Click the OK button (or press Enter on the keyboard) to complete the unlocking step. The next and final step to protecting the formula (actually all cells except A2 & A3 will be protected) is to click on the Tools menu across the top of the screen and select Protection from the dropdown menu. A second menu will appear. Move the pointer over to Protect sheet A dialogue box will appear asking for a password.

Since the password is optional, skip it and just click on the OK button (or press Enter on the keyboard). If you do choose to enter a password, a Confirm Password dialogue box will appear with a note of caution about remembering your password.

Integrating Computers into Learning Activities & Demonstrations LBS 4 Using Excel to Find Perimeter, Area and Volume March 2002

Saving the Spreadsheet


Saving for the First Time Now is a good time to save what weve done so far. Position the mouse pointer over the word File located in the upper left part of the screen. Left click and a menu will drop down (called a drop-down menu). Move the pointer over the word Save, and left click again. A box will appear similar to the one below.

Type Geometry Formula1 in the File name: box (it should currently say Book1 and be the colour blue) and click on the Save button. Just type the file name as directed above and it will replace the word Book1. Your work is now safe should there be a power failure or the computer crashes for some unknown reason. Saving Changes If you wish to make changes to the file we just saved, you will need to save those changes after they are made. Each time you Save a file after the first time, the file is updated to what is currently on the screen. It is important to save regularly to avoid losing information that you have worked hard on. Each time you save changes, you are replacing the file with the most current version you have.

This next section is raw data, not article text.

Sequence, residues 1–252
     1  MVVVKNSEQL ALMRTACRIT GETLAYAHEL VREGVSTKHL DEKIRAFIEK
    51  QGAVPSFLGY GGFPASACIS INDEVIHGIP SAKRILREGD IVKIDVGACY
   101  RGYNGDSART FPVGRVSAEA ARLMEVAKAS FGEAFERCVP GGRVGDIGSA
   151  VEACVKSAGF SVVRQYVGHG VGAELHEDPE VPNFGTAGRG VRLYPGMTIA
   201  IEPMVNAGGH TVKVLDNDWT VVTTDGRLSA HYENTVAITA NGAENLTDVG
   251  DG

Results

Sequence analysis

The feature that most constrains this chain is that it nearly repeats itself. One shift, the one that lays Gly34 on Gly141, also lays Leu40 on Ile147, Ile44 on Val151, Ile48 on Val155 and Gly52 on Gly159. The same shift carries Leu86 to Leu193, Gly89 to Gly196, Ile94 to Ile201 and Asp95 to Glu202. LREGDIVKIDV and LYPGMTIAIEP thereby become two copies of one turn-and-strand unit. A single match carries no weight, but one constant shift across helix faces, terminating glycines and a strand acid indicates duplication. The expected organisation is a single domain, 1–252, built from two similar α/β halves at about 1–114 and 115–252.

Check with your instructor if you have any questions or concerns about this module before proceeding the demonstrations on the next page.

Integrating Computers into Learning Activities & Demonstrations LBS 4 Using Excel to Find Perimeter, Area and Volume March 2002

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Demonstrations (Exercises to be handed in or checked by the instructor)


Demonstration # 1 Enter the formula to calculate the area of the rectangle from the previous page (page 6). Recall that for a rectangle, A = L x W. Use the current template and enter your formula into cell D2. The worksheet will need to be unprotected (click on the Tools menu, select Protection and then Unprotect Sheet). Be sure to save your work when youve finished calculating the area just click File then Save, and your work will automatically be updated. No need to type in a File name after its been done once. Demonstration #2 Using a new sheet, create a formula template that calculates both the circumference and the area of the circle pictured below (Simply click File then click New and a new blank sheet will appear on the screen). Recall that the formula for the circumference of a circle is given as C =d. Also recall that the formula for the area of a circle is given as A = r2 Note: You will need to enter headings onto the new sheet. Diameter = 4.5 mm

Save this demonstration as Geometry Formula2. Demonstration #3 Using a new sheet, create a formula template that calculates the volume of the rectangular solid pictured below (Simply click File then click New and a new blank sheet will appear on the screen). Recall that the formula for the volume of a rectangular solid is given as V = L x W x H Note: You will need to enter headings onto the new sheet.

4.2 cm

17mm 56 mm

Save this demonstration as Geometry Formula3 Please show the completed demonstrations to the instructor